Why peppercorns are being smuggled by the ton from Vietnam to Sri Lanka

Money tree.
Money tree.
Image: REUTERS/Radu Sigheti
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The dried, wrinkly black fruit of the pepper plant was once so valuable that peppercorns were used as a kind of currency. These days, the spice remains sought after despite its relative expense, featuring in virtually every meal on dining tables the world over. Demand for peppercorns is high, and rising: as any aspiring chef will tell you, there’s simply no substitute for its pungent taste.

The world’s top exporter of peppercorns is Vietnam, where local farmers have shifted away from other formerly popular crops, such as coffee. The country’s spice haul is sold around the world, but seldom in India, where government price-fixing sets local peppercorn prices way above the going rate in other markets.

Because of that, there’s money to be made by selling Vietnamese peppercorns at Indian prices—if you can find a way to bypass India’s high tariffs and minimum import prices. Some rogue traders are now doing just that: they reportedly ship the peppercorns to Sri Lanka, re-label them, and sell them on in India for a much higher profit than if they had exported them directly to the large, pepper-loving nation.

India was once one of the world’s biggest pepper suppliers. But over time, demand has risen while production has not. The country now consumes almost all its locally grown pepper, leaving little for export. In India, peppercorns are mostly grown as a secondary cash crop in coffee plantations, says Greg Estep, who runs the spice business at agribusiness group Olam. “For the planters, it is a very important source of income,” he notes.

Those already low incomes are put under pressure if Indian consumers can easily get their hands on cheaper peppercorns from elsewhere, undercutting the Indian government’s attempts to protect these farmers. The government has imposed import duties of 52% on pepper originating from ASEAN countries such as Vietnam and Cambodia, and 70% on peppercorns from countries such as Brazil and China, resulting in a retail price of around $7,000 per metric ton—a multiple of the spice’s price elsewhere.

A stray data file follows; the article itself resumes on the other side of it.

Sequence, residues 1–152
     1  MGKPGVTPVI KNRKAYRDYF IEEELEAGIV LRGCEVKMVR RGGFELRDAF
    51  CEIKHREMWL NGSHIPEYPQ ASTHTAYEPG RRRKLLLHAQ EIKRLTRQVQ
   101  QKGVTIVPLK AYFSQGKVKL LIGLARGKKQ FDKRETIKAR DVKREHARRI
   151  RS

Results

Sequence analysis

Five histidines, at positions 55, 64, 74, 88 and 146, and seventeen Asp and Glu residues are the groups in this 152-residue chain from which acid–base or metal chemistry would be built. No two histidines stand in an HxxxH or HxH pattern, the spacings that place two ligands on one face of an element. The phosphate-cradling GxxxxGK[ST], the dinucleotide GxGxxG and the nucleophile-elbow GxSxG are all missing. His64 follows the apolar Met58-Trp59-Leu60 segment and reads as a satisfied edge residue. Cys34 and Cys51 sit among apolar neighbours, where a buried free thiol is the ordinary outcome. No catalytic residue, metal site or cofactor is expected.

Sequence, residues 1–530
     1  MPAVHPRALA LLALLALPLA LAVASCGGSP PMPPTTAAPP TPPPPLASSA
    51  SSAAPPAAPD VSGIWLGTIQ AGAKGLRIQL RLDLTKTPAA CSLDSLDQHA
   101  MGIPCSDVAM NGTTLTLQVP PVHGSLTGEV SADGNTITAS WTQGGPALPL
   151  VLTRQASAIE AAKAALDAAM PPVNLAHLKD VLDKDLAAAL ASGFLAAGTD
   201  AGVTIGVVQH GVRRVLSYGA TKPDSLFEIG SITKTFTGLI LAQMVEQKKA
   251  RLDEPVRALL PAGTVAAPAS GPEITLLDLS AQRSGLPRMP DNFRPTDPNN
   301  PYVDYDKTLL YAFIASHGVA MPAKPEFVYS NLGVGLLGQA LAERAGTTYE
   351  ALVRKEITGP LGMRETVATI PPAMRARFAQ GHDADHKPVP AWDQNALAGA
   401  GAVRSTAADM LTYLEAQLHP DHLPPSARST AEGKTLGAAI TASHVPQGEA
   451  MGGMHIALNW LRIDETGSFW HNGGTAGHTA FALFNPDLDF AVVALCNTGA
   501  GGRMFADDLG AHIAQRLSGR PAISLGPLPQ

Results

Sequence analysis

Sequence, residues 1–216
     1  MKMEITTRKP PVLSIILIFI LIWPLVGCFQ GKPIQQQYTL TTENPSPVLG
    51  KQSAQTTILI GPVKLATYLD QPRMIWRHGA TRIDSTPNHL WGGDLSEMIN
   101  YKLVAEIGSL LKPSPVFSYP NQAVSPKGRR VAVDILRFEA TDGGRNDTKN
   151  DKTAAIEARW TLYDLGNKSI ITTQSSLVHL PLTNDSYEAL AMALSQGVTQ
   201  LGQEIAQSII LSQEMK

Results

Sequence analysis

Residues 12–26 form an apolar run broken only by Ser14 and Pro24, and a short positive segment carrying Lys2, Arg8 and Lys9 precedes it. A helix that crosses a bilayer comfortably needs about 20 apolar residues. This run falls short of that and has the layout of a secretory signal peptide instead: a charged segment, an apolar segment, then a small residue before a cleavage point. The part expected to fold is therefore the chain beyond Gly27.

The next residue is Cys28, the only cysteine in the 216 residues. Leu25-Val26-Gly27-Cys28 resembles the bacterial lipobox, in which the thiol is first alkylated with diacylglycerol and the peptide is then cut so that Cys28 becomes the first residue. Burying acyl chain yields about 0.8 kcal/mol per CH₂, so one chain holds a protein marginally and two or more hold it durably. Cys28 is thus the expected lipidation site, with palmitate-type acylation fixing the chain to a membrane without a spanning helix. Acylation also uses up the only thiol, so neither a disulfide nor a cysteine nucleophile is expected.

But there’s a loophole for enterprising spice traders. Under the South Asian Free Trade Agreement, Sri Lankan peppercorns have a duty of just 8% in India. And shipments under 2,500 metric tons carry no duty whatsoever.

Because Vietnamese peppercorns are among the cheapest in the world, there are big profits to be made, especially since even the most discerning of buyers can’t always tell the difference between Vietnamese varieties and those from elsewhere. Pepper traders can therefore illegally re-export Vietnamese peppers from Sri Lanka for as much as three times the price they bought it for.

Speaking to the Times of India, an exporter explained that Sri Lanka’s authorities were also issuing incorrect certificates of origin for these peppercorns, saying that they had been locally produced. “The government of India is taking measures to restrict it by having strict Certificate of Origin requirements,” Estep says, “but still some volumes do slip through various loopholes.” According to the International Trade Centre, Vietnam has not exported any peppercorn to Sri Lanka this decade.

Stabilizing Vietnam’s peppercorn prices could be the best way to curb the sharper practices in the trade. At the moment, prices are incredibly volatile, and may fluctuate by as much as 40% in a year. There are many reasons for the turbulence, though a lot of it comes down to the supply chain, which is at the mercy of adverse weather conditions and the willingness of smallholder farmers to grow what Estep describes as a labor-intensive, “delicate crop requiring lot of aftercare.”

Even if farmers decide to boost how much space they devote to peppercorns, the returns don’t come for three to four years after planting, Estep says. Big upfront costs also mean that farmers who are struggling usually keep going until they recoup their investments, however long that takes. Once harvested, peppercorns are sold on from one aggregator to the next, then to a series of processors who convert the raw corns into a sterilized product able to be sold on to a retail packer.

Given this long, multi-step process, attempts to stabilize these prices out of Vietnam, much less set a benchmark for them, have not been too successful. A derivatives exchange in Singapore created a global futures contract for pepper in 2012, but it stopped trading 2014 when the exchange was acquired and its new owner didn’t have a taste for it.